Essential Documentation

Clinical trial documents are referred to as “essential documents” in GCP. These documents demonstrate the compliance of the investigator, sponsor and monitor with the standards of GCP and with other applicable regulatory requirements. Essential documents should be organized in a paper or electronic binder, commonly referred to as a regulatory binder, with tabs dividing each category. Essential documents should be gathered at the time of study initiation and maintained until the study is complete.  Original and all updated versions of the documentation must be maintained.

Required Essential Documents
The list below does not include the additional regulatory documentation requirements for Sponsor-Investigator studies. Sponsor-Investigator checklists are available on the Research Compliance and Regulatory Affairs website.

  1. All versions of the investigator’s brochures (drug trials) or device manuals (device trials) and updates
  2. All versions of the protocol and sample case report forms or electronic data capture manual
  3. All versions of information given to participants, such as
    • Informed consent forms,
    • HIPAA authorization forms,
    • Questionnaires and diaries, and
    • Recruitment and retention materials
  4. Financial aspects of the trial, such as
    • Emory University eDisclose summary,
    • Sponsor conflict of interest (COI) forms or FDA Form 3455, and
    • Clinical trial budget and prospective reimbursement analysis (PRA)
  5. Signed agreement between involved parties, such as
    • FDA Form 1572 (drug trials) or Investigator Agreement (device trials),
    • Fully executed clinical trial agreement, and
    • Contract research organization agreement
  6. IRB applications and associated approval letters for initial approval, modifications, continuing reviews, and reportable new information
  7. Curriculum vitae or other relevant documentation evidencing qualifications of study team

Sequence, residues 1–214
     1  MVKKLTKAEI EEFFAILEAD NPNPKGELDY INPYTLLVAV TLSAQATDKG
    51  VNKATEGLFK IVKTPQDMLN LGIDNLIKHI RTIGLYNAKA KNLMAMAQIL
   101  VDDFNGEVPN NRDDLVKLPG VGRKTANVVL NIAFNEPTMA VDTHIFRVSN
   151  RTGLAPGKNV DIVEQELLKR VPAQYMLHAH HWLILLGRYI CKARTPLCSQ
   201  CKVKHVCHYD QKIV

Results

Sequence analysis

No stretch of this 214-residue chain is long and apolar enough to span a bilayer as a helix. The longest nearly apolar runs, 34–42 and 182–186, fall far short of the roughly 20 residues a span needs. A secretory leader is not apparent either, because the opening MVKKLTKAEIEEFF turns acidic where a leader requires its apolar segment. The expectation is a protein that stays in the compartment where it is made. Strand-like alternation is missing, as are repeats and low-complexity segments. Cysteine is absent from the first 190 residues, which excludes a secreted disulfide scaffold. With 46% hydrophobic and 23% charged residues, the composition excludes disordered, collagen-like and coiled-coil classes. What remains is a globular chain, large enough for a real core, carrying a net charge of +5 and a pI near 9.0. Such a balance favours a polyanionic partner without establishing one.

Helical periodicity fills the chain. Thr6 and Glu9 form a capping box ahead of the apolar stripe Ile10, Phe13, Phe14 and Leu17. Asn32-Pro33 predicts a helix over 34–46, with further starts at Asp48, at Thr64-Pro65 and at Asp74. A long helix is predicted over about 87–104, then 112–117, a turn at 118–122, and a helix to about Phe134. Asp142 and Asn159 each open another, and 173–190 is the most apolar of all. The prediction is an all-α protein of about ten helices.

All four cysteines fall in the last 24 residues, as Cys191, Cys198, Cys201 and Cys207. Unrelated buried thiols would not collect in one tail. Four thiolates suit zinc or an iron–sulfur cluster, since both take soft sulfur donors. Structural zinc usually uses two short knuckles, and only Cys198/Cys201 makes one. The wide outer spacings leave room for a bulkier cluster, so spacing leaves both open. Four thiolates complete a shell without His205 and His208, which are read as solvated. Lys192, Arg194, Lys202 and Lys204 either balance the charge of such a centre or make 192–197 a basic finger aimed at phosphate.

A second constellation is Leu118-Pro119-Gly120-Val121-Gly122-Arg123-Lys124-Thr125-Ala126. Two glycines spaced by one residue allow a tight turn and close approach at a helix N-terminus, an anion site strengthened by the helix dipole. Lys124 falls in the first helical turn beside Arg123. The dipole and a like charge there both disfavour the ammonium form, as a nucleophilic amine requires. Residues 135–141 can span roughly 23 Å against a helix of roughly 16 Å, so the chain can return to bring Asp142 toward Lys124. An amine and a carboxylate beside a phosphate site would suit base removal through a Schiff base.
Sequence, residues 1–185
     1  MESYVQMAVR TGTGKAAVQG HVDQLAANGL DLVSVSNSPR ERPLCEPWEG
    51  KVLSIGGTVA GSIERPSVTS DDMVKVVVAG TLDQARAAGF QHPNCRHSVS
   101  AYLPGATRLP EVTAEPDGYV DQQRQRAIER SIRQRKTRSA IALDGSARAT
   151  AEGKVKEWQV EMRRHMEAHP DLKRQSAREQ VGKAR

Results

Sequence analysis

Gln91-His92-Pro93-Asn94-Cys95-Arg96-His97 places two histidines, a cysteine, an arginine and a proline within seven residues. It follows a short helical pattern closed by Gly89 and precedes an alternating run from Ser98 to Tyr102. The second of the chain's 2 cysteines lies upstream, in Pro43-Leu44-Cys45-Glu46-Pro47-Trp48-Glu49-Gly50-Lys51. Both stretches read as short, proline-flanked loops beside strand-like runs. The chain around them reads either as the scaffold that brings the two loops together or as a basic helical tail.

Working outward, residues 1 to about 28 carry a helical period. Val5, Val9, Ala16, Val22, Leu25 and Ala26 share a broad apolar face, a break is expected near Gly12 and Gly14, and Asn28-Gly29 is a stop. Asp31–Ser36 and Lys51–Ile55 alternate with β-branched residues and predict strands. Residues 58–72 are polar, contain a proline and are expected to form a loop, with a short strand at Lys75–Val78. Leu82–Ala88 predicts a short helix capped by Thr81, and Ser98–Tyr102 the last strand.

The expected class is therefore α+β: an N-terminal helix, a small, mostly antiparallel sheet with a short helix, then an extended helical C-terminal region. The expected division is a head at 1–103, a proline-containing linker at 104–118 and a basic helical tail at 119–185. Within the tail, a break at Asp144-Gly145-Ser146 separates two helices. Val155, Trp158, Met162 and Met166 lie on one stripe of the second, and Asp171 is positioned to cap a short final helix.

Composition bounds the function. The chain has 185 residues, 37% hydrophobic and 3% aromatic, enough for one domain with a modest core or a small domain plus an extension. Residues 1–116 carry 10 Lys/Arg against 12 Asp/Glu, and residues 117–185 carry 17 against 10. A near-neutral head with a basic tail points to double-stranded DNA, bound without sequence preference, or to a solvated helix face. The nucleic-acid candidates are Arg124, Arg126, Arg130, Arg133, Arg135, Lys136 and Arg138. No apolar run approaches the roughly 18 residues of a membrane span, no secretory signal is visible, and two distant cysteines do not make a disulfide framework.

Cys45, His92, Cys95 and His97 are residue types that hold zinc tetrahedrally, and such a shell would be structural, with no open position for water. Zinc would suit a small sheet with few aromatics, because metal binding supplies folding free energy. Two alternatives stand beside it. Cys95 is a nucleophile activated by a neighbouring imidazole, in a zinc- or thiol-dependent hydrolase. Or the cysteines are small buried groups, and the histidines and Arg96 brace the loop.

8. External laboratory contact information
  9. Normal values/ranges for laboratory or medical procedures included in the protocol
  10. Certification, accreditation, or other quality control mechanisms for all medical/laboratory/technical procedures/tests included in the protocol
  11. Sample labels attached to investigational product packaging
  12. Instructions for handling the investigational product and trial-related materials
  13. Shipping records for investigational products and trial-related materials
  14. Decoding procedures for blinded trials
  15. Monitoring reports
  16. Notification of sponsor to investigator of safety information
  17. Participant enrollment log
  18. Investigational product accountability log
  19. Delegation of authority (DOA) log
  20. Records of retained fluid/tissue
  21. Training logs
  22. Correspondence

Electronic Regulatory Binders

The use of electronic regulatory binders (“eReg”) to store clinical trial essential documentation is becoming the norm as more teams move away from paper. The use of eReg allows study team members from multiple locations to access documents, investigators to electronically sign-off on documents, and the sharing of documents with sponsors and contract research organizations. Emory researchers can use Emory’s One Drive and Emory’s Microsoft Teams platforms to create study-specific eReg binders. Emory also allows the use of Complion, Veeva Vault, and Florence for eReg. More information on eReg platforms at Emory can be found here. Sponsors may also provide eReg from other vendors platforms.

Study teams with multiple studies may find it difficult to keep personnel-specific essential documentation (e.g., CVs, medical licenses, CITI certificates, and departmental training) updated for each regulatory binder. One option is to have central paper or electronic binders to maintain personnel-specific documents with a note in each study-specific regulatory binder that references the location of the personnel-specific central binders. 

The use of electronic DOA logs eliminates some of challenges of maintaining a paper log. Electronic DOA logs may include electronic signatures by the PI and study team members. Wet-ink signatures are required by GCP in the case of audit so that the auditor can verify signatures located on paper research records. Study teams utilizing electronic DOA logs can capture wet-ink signatures for each study team member by using a Signature Sheet. Signature Sheets can be maintained in the personnel-specific electronic binders.


International Conference of Harmonization, Efficacy Guidelines, Good Clinical Practice